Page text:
Authentic voices. Remarkable stories. AOL On Originals showcase the passions that make the world a more interesting place.
Jews and Money. Asian Drivers. Polish IQ. CPT… that's racist! But where do these stereotypes come from? Comedian Mike Epps explores the backstories of this humor and how history and fact often distorts into a snide – but sometimes funny – shorthand.
"INSPIRED" features celebrities, visionaries and some of the biggest newsmakers of our generation, recounting the stories behind their biggest, life-changing moments of inspiration.
In a compelling series of verite encounters, Win Win provides unique access into the minds and lives of the world’s most-celebrated entrepreneurs and athletes.
Explore what it means to be human as we rush head first into the future through the eyes, creativity, and mind of Tiffany Shlain, acclaimed filmmaker and speaker, founder of The Webby Awards, mother, constant pusher of boundaries and one of Newsweek’s “women shaping the 21st Century.”
Nicole Richie brings her unfiltered sense of humor and unique perspective to life in a new series based on her irreverent twitter feed. The show follows the outspoken celebrity as she shares her perspective on style, parenting, relationships and her journey to adulthood.
Comedy is hard, but teaching comedy to children is hilariously difficult. Kevin Nealon is giving the challenge to some world-famous comedians. As these young minds meet with comedy’s best, get ready to learn some valuable comedy lessons, and to laugh!
James Franco loves movies. He loves watching them, acting in them, directing them, and even writing them. And now, he’s going to take some of his favorite movie scenes from the most famous films of all time, and re-imagine them in ways that only James can.
The story of punk rock singer Laura Jane Grace of Against Me! who came out as a woman in 2012, and other members of the trans community whose experiences are woefully underrepresented and misunderstood in the media.
Executive produced by Zoe Saldana (who will be the subject of one episode), a celebrity travels back to their hometown to pay tribute to the one person from their past (before they were famous) who helped change their life by giving them an over-the-top, heart-felt surprise.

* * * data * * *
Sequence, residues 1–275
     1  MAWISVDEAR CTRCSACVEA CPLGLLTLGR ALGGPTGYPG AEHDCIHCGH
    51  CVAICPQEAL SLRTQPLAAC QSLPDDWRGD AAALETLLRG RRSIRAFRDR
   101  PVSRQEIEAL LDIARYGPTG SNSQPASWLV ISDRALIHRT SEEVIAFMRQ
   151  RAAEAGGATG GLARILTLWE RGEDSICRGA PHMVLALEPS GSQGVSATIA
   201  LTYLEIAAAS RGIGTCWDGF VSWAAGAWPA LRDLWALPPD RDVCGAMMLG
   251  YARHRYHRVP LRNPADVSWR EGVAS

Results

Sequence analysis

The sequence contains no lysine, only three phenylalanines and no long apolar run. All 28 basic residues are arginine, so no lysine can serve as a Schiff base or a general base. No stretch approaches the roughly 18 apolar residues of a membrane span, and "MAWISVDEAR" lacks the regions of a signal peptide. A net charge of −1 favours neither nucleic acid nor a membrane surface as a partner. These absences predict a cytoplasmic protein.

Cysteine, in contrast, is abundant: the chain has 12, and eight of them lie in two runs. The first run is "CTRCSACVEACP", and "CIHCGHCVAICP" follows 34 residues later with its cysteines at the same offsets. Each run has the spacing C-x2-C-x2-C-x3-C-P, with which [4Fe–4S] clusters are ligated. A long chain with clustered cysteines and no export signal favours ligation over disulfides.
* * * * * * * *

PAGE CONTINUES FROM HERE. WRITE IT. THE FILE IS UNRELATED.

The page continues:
Enter the graceful but competitive world of ballet through the eyes of executive producer, Sarah Jessica Parker. This behind-the-scenes docudrama reveals what it takes to perform on the ultimate stage, the New York City Ballet. Catch NYCB on stage at Lincoln Center.
Park Bench is a new kind of "talking show" straight from the mind of born and bred New Yorker and host, Steve Buscemi.
Go behind the scenes with some of the biggest digital celebrities to see what life is like when the blogging and tweeting stops.
Digital influencer Justine Ezarik (iJustine) is back. After covering the world of wearable tech last season, iJustine is expanding her coverage this year by profiling the hottest tech trends across the country.
Researchers from Manchester Metropolitan University in the United Kingdom have found that seals judge how large or small ...
an object is using their whiskers.
Tags:GeoBeats,prey size through whiskers,seal whiskers,seals determine prey,harbor seals,Robyn Grant
Grab video code:
Seals determine prey size through their whiskers. Ever wonder why seals have such long whiskers?Researchers from Manchester Metropolitan University in the United Kingdom have found that seals judge how large or small an object is using their whiskers. By covering the eyes and ears of the seals, and having them touch a large or small disc with their whiskers and giving them a reward, the researchers found that the seals used their whiskers to measure the size of each disc.Doctor Robyn Grant said the seals “can press their muzzle on the object and by the number of whiskers it contacts, they can work out whether it's a bigger or smaller thing." Researchers think that seals use their whiskers in the wild to sense how big or small a fish is they are hunting underwater where it is hard to see.A previous study from the University of Rostock showed that seals also use their whiskers to find a bigger fish based on the trails or wake they leave in the water. Hunting for a larger fish means saving energy and time with a higher caloric pay off from eating the larger prey. Harbor seals can have between 40 and 50 whiskers on each side of their face, with about 15 hundred nerves attached to each one.